We’ve seen drones pull off some amazing stunts, like pirouetting through the air while assembling a building brick by brick. But there is something so much more poignant about Cubli, a cube that can stand itself on a single point, perfectly balanced even as the ground beneath it shifts.
Created by researchers Mohanarajah Gajamohan and Raffaello D’Andrea at the Institute for Dynamic Systems and Control, Cubli is a diminutive six-inch cube, stuffed with three coordinated reaction wheels that, through a combination of fluid spins and abrupt stops, can shift the weight and momentum of the block at will. Through these clever mechanics, backed by several sensors and extremely intelligent balancing algorithms, Cubli can jump, balance, and perform a controlled fall.
In practice, this means Cubli can go from standing on its face to an edge, and its edge to a point, balancing itself with all the graceful precision of a prima ballerina. It can also coordinate these three simple movements to roll across a plane, effectively giving the humble cube legs.
But while it may look like nothing more than a cute technical demonstration, Cubli is a tease of a world that’s very closely at hand–one in which objects can not just fly around like R/C toys, but react dynamically to feedback in their environment. When we asked D’Andrea to expand on the importance of devices like Cubli–especially in the coming era of the Internet of Things–he simply pointed us to this presentation he’d given in 2012:
Right now, machines don’t really communicate. If a machine learns something, when you turn it off, it loses that communication. What if a machine could learn and adapt, and share information with other machines? Let me give you an example. If you could create a machine that did a very complex task…and it took a year for it to learn how to do it, you would never deploy it, you would never build it. But what if you had 1,000 of these machines? If you had a thousand of these machines, and they could communicate, and you had the right algorithms, they could learn that task in one day.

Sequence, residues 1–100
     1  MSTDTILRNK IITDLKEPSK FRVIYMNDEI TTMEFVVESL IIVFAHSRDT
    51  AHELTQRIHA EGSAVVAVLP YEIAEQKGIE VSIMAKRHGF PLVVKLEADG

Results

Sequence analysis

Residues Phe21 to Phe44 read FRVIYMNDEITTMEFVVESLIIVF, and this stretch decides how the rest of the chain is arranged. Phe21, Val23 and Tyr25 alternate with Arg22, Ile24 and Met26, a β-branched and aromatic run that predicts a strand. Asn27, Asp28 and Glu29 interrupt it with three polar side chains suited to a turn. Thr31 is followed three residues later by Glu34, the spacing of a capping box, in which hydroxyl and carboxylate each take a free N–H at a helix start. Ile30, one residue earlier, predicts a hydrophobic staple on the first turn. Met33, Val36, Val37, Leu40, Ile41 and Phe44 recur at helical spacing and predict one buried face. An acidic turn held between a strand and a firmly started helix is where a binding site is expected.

As our machines combine the ability to dynamically react to their environment and learn from one another, we will not just have cubes that stand on one corner, drones that play catch, or agile biped robots that beat the DARPA challenge. We’ll have buildings that can build themselves, and objects that can improve themselves. We’ll design things not really knowing what those things could become.
As D’Andrea puts it, such inevitable technology is: “Incredibly powerful…incredibly dangerous…”